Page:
Electronic Medical Record Inaccuracies: Multicenter Analysis of Challenges with Modified Lung Cancer Screening Criteria.
As lung cancer screening programs (LCSPs) proliferate outside the research environment, debate regarding the optimal population for screening continues. Fodder for this debate comes from advocates and societies which recommend expanding lung cancer screening (LCS) criteria to individuals with a lung cancer risk based on clinical factors other than smoking and age [1, 2]. While medical society guidelines hue close to the Center for Medicare and Medicaid Services inclusion criteria, the National Comprehensive Cancer Network (NCCN) and the American Association for Thoracic Surgery (AATS) recommend modified risk criteria. These criteria allow for a decrease in both age and tobacco pack year when a diagnosis of chronic lung disease, including chronic obstructive pulmonary disease (COPD), is present. COPD is an independent risk factor for lung cancer, but it is often misclassified and unsubstantiated in the medical record [3-8].
The electronic medical record (EMR) is used as a population-based screening tool by hospitals and healthcare networks for identification of at-risk populations, including lung cancer screening. These EMR "triggers" or best practice alerts (BPA) draw from predetermined, autopopulated EMR fields, which are dependent on the quality of the entered data. Inaccurate data used to trigger the BPA and prompt LCS could result in inappropriate populations being screened, potentially impacting the balance of benefits versus harms as LCSPs proliferate.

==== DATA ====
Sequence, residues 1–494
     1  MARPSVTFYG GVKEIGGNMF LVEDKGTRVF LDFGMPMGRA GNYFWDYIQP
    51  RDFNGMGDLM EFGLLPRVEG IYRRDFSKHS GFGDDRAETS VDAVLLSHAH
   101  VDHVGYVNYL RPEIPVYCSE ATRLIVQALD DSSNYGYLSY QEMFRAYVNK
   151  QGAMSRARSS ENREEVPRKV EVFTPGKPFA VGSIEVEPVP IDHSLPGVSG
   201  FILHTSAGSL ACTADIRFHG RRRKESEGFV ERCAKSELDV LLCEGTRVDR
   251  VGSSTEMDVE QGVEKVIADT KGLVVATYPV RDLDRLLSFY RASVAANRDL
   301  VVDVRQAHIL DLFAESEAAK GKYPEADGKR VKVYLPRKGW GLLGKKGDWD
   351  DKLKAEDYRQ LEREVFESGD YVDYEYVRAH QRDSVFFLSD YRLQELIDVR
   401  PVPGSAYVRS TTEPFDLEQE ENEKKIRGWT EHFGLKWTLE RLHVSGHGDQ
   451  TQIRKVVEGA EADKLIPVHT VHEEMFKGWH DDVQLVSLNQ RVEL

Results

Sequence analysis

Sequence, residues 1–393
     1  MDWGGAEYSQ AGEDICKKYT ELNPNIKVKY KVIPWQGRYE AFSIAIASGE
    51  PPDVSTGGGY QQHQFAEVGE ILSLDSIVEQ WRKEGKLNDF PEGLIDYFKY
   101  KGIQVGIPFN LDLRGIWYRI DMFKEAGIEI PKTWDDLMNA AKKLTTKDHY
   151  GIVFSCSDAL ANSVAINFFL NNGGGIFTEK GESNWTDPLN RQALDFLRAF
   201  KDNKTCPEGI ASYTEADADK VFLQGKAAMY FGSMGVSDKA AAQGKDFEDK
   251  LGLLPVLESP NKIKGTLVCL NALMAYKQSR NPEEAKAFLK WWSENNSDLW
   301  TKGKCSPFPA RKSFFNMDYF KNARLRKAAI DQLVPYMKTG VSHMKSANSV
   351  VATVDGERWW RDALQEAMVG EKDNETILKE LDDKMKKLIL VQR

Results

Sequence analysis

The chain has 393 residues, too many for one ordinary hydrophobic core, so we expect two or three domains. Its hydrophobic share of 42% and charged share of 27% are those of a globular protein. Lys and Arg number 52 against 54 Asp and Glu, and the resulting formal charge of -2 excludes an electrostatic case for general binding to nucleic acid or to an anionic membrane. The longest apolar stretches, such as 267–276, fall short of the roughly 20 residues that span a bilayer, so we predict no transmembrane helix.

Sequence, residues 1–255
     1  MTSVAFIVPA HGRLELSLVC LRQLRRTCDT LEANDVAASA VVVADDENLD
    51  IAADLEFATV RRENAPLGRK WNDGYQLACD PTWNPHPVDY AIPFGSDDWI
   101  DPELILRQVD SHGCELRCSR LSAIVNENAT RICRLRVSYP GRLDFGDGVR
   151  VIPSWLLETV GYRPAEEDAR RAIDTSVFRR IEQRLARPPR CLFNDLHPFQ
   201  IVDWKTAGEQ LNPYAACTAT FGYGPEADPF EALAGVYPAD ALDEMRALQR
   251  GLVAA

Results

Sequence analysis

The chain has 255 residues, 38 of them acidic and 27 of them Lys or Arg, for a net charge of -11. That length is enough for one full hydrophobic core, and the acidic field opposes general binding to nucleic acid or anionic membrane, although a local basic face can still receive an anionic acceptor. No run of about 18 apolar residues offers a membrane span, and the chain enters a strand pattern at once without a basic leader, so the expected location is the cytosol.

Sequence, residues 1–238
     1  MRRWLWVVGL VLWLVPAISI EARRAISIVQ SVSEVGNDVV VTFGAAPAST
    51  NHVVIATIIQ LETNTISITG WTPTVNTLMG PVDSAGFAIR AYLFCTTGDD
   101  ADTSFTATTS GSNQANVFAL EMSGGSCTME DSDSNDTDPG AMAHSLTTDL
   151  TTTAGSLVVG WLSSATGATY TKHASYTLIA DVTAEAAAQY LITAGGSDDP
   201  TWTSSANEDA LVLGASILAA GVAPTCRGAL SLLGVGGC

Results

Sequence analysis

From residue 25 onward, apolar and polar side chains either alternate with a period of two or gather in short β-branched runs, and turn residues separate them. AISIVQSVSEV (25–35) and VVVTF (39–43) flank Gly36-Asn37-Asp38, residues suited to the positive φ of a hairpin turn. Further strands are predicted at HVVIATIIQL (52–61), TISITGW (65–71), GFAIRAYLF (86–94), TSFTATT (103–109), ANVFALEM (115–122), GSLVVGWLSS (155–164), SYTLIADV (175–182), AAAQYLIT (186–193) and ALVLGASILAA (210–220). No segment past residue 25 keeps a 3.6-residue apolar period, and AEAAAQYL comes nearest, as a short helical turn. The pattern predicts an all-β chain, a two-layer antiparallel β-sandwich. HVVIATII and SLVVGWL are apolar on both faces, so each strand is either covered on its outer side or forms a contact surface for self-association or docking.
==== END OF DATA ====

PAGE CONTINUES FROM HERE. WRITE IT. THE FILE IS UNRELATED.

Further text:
We aimed to detect the prevalence of unsubstantiated COPD diagnosis in the EMR of individuals referred for LCS, to determine the efficacy of utilizing the EMR as an accurate population-based eligibility screening "trigger" using modified clinical criteria.
2. Materials and Methods
2.1. Study Population. We reviewed individuals who were referred to three separate LCSPs between January 1, 2012, and February 29, 2016. The LCSPs included were those based on the Swedish Cancer Institute in Seattle, Washington State; Providence Regional Cancer Partnership in Everett, Washington State; and Providence Health and Services in Portland, Oregon. Data from all individuals referred to the three LCSPs were pooled and is presented as such. The Swedish Cancer Institute Institutional Review Board approved this study (SWD5896S-15) and provided coverage for the other affiliated sites, and the requirement for informed consent was waived.
2.2. Electronic Medical Record Review. Each individual's EMR (EPIC Hyperspace Version 6.0, Verona, Wisconsin) was searched for the obstructive pulmonary disease terms "COPD and chronic airway obstruction," as well as "chronic bronchitis and emphysema" as these terms are often interchanged with COPD terms. The first location where the term was identified in the EMR, as well as the specialty/title of the individual who entered the term, was captured. To determine if the presence of the term in the individual's EMR as a diagnosis was substantiated, we searched for the presence of a confirmatory pulmonary function test (PFT).
2.3. Substantiated versus Unsubstantiated Diagnosis. A substantiated COPD diagnosis was defined by the presence of a confirmatory PFT as per the Global Initiative for Chronic Obstructive Lung Disease (GOLD) criteria: a postbronchodilator FEV1/FVC < 0.70 .
A diagnosis was considered unsubstantiated when an obstructive term was present in an individual's EMR with either no PFTs present (even if mentioned as previously performed), or when PFTs were present that were negative or without evidence of sustained postbronchodilation obstruction.
2.4. Statistical Analysis. Data are reported as counts and percentages, as well as median and 25th-75th interquartile ranges. Data summary was performed in Microsoft Excel (Microsoft Office 2013; Redmond, Washington).
We identified a total of 2834 referred individuals, of which the median age was 63 years (IQR: 59-68) and 53% (1510) were male.